When the weather turns crisp and weekend plans revolve around a warm blanket and a good book, I can't help but contemplate what home means to me.
What is the first thing that comes to mind when you think of home? Do you think of the town you grew up in? Your mother? The place you currently reside? Home is an abstract subject. What it means to me may not be what it means to you.
I moved away from my home town when I was 17. Though those first years were spent on a college campus or on the couches of friends, it was then that I began to define what home meant to me. I slowly began collaging my life experiences, accumulating bits and pieces that would eventually make up a portrait of my home. Upon graduating college I moved into an apartment with two other sewists, it was there that I started implementing these concepts.
Back then, our resources were limited. I ate on a budget of $10 a week, and our little apartment featured a hodgepodge of hand-me-down furniture. In the little nook where our dining room should have been, sat a white table we had retrieved from the side of the road. This table was constantly piled with patterns, fabric, and the three sewing machines we had among us.
We never gathered around the television, and rarely over drinks like you might imagine of 20-something-year-olds. Instead, we would discuss darts and fiber content while gathered around our wobbly little table.
What I realize now that I didn't realize then, is that my ability to comfortably and freely create directly relates to my ability to feel at home.
It didn't matter that all my pillowcases were mismatched, or that I shared a bathroom with a few people. What mattered was I had creative autonomy and a place to make my ideas become a reality through the power of cutting and stitching.
Since then, I have upgraded my bed linens and live with my soon-to-be-husband in an entirely different part of the country. Still, a sewing corner is a must in every dwelling I have occupied. Whenever I feel lonely, whenever I feel displaced, there is always a quiet corner I can retreat to to remind myself I am at home in this body, with these hands, and everything they are capable of making. I am reminded of a passage from the Mary Oliver poem, "Coming Home":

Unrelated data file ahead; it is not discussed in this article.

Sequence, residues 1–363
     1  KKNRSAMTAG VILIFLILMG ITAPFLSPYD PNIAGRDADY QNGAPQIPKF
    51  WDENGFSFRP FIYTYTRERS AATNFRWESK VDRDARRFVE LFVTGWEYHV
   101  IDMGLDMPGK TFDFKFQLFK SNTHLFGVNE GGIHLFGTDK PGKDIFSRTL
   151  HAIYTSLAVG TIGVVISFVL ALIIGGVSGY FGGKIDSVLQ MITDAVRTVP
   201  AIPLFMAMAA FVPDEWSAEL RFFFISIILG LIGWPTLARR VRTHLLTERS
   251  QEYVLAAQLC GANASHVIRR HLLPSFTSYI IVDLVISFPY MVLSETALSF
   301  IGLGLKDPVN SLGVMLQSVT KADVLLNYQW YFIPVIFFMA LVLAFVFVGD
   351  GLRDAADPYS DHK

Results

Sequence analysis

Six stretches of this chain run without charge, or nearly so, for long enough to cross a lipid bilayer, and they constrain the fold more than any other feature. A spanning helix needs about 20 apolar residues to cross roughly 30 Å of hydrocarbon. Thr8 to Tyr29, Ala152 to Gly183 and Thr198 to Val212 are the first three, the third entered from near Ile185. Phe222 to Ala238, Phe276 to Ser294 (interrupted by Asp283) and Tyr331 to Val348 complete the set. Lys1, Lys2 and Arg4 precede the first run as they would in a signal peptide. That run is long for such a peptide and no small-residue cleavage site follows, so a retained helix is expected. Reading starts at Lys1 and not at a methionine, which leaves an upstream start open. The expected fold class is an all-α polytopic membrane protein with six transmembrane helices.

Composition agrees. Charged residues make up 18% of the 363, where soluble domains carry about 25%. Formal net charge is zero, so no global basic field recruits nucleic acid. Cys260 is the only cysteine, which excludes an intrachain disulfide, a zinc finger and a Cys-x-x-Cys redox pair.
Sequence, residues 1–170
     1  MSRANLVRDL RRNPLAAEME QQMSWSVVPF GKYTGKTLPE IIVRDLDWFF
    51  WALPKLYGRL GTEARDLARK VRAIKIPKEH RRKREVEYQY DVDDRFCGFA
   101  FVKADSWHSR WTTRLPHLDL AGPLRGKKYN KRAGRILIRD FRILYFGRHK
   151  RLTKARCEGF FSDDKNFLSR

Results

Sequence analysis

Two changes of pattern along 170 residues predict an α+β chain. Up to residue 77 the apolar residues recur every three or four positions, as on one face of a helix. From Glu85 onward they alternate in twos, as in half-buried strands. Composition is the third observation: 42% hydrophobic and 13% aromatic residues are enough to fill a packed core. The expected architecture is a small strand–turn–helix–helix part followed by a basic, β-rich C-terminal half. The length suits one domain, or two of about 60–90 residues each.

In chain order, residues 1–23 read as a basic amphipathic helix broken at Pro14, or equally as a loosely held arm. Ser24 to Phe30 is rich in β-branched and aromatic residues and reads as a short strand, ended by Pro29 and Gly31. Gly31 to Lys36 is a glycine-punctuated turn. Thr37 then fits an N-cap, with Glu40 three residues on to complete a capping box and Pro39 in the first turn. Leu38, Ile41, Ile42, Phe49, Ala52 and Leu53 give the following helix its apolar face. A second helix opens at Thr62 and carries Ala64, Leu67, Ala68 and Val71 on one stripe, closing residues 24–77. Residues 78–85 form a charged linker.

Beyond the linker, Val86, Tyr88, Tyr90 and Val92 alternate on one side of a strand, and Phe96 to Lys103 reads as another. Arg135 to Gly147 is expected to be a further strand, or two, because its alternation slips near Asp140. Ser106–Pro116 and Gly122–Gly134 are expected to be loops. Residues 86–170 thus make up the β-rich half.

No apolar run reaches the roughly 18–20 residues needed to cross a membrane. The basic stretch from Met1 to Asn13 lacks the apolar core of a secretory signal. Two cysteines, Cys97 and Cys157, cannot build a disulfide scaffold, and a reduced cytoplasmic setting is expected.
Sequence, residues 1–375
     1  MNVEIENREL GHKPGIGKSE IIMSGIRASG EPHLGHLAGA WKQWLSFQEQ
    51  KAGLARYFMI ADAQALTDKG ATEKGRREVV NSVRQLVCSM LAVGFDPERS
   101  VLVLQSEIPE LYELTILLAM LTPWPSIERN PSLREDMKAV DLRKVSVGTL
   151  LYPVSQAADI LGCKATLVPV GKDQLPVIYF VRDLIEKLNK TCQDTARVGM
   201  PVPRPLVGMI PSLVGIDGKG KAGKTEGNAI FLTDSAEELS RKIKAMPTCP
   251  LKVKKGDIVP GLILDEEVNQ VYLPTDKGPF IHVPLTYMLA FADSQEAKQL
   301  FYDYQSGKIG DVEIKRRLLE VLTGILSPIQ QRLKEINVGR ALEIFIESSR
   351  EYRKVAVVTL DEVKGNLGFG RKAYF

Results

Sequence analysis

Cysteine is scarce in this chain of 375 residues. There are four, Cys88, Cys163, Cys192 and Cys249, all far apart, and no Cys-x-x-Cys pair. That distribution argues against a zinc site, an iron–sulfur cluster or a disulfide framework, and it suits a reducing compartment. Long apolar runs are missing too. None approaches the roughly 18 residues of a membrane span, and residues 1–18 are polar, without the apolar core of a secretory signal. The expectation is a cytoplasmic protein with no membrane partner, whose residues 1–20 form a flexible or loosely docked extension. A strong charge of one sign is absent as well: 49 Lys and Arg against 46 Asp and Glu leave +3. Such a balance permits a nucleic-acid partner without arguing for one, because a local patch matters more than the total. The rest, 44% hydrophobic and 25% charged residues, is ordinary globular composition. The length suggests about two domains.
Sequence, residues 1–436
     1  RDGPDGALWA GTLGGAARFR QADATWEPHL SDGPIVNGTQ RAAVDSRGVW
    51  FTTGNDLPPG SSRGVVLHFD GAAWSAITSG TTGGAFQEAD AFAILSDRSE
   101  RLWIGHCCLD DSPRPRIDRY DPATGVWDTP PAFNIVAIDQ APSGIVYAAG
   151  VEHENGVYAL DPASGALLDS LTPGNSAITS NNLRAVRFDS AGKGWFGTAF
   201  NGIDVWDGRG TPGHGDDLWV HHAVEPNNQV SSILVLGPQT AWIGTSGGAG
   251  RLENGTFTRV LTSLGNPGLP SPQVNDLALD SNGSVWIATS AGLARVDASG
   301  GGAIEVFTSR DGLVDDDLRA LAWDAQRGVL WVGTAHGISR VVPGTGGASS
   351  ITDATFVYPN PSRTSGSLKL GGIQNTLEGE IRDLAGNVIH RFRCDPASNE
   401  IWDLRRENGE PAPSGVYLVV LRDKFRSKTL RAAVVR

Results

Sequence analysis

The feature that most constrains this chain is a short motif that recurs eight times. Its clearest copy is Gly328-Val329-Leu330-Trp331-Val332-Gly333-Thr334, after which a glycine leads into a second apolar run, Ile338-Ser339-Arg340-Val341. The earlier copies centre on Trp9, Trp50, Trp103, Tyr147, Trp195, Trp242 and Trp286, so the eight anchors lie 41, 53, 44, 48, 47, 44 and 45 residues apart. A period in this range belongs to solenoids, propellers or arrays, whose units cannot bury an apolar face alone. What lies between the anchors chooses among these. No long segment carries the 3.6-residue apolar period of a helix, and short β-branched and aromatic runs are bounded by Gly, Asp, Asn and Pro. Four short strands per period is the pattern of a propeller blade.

"And what we see is our life moving like that
along the dark edges of everything,
headlights sweeping the blackness,
believing in a thousand fragile and unprovable things.
Looking out for sorrow,
slowing down for happiness,"
Home is the place where I am free to slow down for happiness. The place I can get completely lost in the project at hand, and let the weight of life's uncertainties drift away. I hope that sewing and learning about the craft allows you the same peace and sense of home.
In this issue we explore the notion of home and invite you to settle in for the season and get stitching. In Sew Like a Pro Brooks Ann Camper walks you through upgrading your sewing space and tools for a professional finish. And in this month's edition of Slow Sewing we chat with Kristine Vejar of A Verb for Keeping Warm.
We are also bringing you two fresh patterns, Monroe and Charlotte. This luxurious pair will bring a touch of glam to your loungewear. Monroe is a pair of lounge pants with a fitted yoke and flattering wide leg fit, and Charlotte is a lounge shirt reminiscent of the 1920s.
So this November, when you are feeling burnt out, retreat to your personal sewing corner—whether that is a dedicated space or your dining room table—pour yourself a beverage, and get stitching. After all, home is where the sewing machine is.
Editor and Sewing Maven